Justice Antonin Scalia: Supreme Court shouldn’t ‘invent new minorities’

U.S. Supreme Court Justice Antonin Scalia

U.S. Supreme Court Justice Antonin Scalia

BOZEMAN, Mont. — The U.S. Supreme Court is making decisions that should be left to Congress or the people, from wiretapping to “inventing” new classes of minorities, Justice Antonin Scalia said Monday.

In an apparent reference to the court’s recent decisions on gay marriage and benefits for same-sex couples, Scalia said it is not the function of the courts to create exceptions outside the Constitution unless a majority of people agree with them.

U.S. Supreme Court Justice Antonin Scalia

“It’s not up to the courts to invent new minorities that get special protections,” Scalia told a packed hotel ballroom in southwestern Montana.

The Supreme Court earlier this year cleared the way for same-sex marriages to resume in California and struck down part of a federal law that prevents legally married gay couples from receiving benefits. Scalia voted against the majority of justices.

Changes to the Constitution were made to protect minorities and to give women the right to vote, but that’s not how the court operates today, he said.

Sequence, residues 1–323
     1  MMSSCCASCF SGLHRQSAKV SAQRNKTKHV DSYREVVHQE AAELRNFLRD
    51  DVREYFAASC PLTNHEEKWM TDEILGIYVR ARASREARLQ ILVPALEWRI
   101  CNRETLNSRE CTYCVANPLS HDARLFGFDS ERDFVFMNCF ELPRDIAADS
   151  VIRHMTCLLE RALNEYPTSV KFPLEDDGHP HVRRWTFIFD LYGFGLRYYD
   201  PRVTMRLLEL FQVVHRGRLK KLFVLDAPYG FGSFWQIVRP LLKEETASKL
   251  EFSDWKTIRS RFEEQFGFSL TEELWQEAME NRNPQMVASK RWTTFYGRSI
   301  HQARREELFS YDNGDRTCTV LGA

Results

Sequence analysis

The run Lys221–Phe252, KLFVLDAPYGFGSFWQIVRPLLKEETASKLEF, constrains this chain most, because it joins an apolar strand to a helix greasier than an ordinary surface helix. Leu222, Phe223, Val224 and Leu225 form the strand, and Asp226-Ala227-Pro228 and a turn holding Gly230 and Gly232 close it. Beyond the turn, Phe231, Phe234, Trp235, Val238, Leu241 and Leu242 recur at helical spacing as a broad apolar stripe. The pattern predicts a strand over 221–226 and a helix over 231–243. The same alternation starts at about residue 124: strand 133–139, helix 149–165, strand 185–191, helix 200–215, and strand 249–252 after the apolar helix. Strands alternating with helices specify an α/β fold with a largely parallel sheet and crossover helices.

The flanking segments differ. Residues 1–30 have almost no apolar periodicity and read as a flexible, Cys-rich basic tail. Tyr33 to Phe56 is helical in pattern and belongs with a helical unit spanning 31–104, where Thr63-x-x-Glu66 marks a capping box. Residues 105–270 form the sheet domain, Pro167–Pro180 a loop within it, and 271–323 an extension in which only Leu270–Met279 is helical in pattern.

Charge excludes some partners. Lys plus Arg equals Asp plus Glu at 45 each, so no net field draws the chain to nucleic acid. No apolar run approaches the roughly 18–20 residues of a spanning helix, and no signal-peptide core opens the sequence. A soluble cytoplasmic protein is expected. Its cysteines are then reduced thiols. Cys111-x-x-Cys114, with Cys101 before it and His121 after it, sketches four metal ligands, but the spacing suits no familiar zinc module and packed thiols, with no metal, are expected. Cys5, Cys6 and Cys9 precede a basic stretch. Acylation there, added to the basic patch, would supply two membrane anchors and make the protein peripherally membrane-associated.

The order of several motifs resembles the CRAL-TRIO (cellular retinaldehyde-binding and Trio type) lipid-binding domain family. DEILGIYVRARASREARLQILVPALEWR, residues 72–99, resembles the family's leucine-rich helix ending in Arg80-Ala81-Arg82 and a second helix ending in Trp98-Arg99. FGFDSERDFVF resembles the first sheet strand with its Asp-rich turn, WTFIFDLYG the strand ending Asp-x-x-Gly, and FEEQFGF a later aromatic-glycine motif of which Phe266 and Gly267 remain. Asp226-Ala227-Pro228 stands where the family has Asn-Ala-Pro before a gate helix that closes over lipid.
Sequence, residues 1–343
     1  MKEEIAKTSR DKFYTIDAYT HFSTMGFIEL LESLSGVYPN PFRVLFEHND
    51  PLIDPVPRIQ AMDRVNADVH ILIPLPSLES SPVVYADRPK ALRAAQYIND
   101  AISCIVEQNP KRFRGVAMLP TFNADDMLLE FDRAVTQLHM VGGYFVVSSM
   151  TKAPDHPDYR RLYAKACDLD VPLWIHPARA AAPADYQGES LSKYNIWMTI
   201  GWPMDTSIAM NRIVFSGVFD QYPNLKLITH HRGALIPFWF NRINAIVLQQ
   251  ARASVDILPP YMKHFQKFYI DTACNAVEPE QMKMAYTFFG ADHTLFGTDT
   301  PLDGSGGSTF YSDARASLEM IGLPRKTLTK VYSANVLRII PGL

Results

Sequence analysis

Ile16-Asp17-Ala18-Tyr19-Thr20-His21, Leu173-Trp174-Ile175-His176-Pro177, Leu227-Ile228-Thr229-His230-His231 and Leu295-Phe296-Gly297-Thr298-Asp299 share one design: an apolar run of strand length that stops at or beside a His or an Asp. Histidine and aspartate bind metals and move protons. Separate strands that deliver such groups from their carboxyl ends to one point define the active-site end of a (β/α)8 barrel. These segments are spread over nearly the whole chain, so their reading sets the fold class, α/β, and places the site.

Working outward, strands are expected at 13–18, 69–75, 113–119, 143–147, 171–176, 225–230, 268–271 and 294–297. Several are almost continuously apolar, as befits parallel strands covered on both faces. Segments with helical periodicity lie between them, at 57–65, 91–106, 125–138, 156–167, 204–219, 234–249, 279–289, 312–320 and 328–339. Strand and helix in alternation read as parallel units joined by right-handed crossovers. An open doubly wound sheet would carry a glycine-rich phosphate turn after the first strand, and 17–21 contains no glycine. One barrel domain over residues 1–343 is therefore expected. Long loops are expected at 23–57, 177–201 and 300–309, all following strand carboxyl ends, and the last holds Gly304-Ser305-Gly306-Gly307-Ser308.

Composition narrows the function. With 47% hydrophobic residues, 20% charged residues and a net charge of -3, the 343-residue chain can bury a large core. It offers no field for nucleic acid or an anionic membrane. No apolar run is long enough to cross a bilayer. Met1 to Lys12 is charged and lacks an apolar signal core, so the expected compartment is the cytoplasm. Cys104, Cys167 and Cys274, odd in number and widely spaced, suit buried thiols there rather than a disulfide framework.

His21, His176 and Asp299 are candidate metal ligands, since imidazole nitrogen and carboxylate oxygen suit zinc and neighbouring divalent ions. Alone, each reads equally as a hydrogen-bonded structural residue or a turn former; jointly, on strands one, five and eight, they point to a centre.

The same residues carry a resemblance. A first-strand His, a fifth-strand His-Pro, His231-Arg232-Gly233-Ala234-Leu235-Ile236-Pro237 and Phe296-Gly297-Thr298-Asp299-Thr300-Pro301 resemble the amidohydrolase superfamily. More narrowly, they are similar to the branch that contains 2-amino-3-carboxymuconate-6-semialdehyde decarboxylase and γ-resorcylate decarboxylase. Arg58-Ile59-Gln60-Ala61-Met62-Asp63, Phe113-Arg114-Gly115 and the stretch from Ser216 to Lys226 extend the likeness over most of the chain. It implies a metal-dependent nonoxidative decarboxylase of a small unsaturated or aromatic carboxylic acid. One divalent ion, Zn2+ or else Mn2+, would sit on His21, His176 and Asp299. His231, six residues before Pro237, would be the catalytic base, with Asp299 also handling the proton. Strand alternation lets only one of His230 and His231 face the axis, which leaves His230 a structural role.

Rather, a majority of five judges decide issues that should be in the hands of Congress or made through a change to the Constitution.

Questions such as National Security Administration surveillance of phone records or the privacy questions in the Patriot Act were once answered by Congress, which knows how serious a threat is compared to the intrusiveness of the surveillance. But now the courts are doing so.

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“Of all the three branches, we are the one that knows the least about the nature of the threats to the country, and we have the least ability to find out about it,” Scalia said.

Scalia spoke before more than 300 people in Bozeman in a gathering sponsored by the Federalist Society, which he helped launch more than 30 years ago to fight the perception of liberal bias at the nation’s law schools. The group is trying to open a chapter in Montana.

Scalia was appointed to the Supreme Court by President Ronald Reagan in 1986, and his opinions have placed him among the most conservative justices on the bench.

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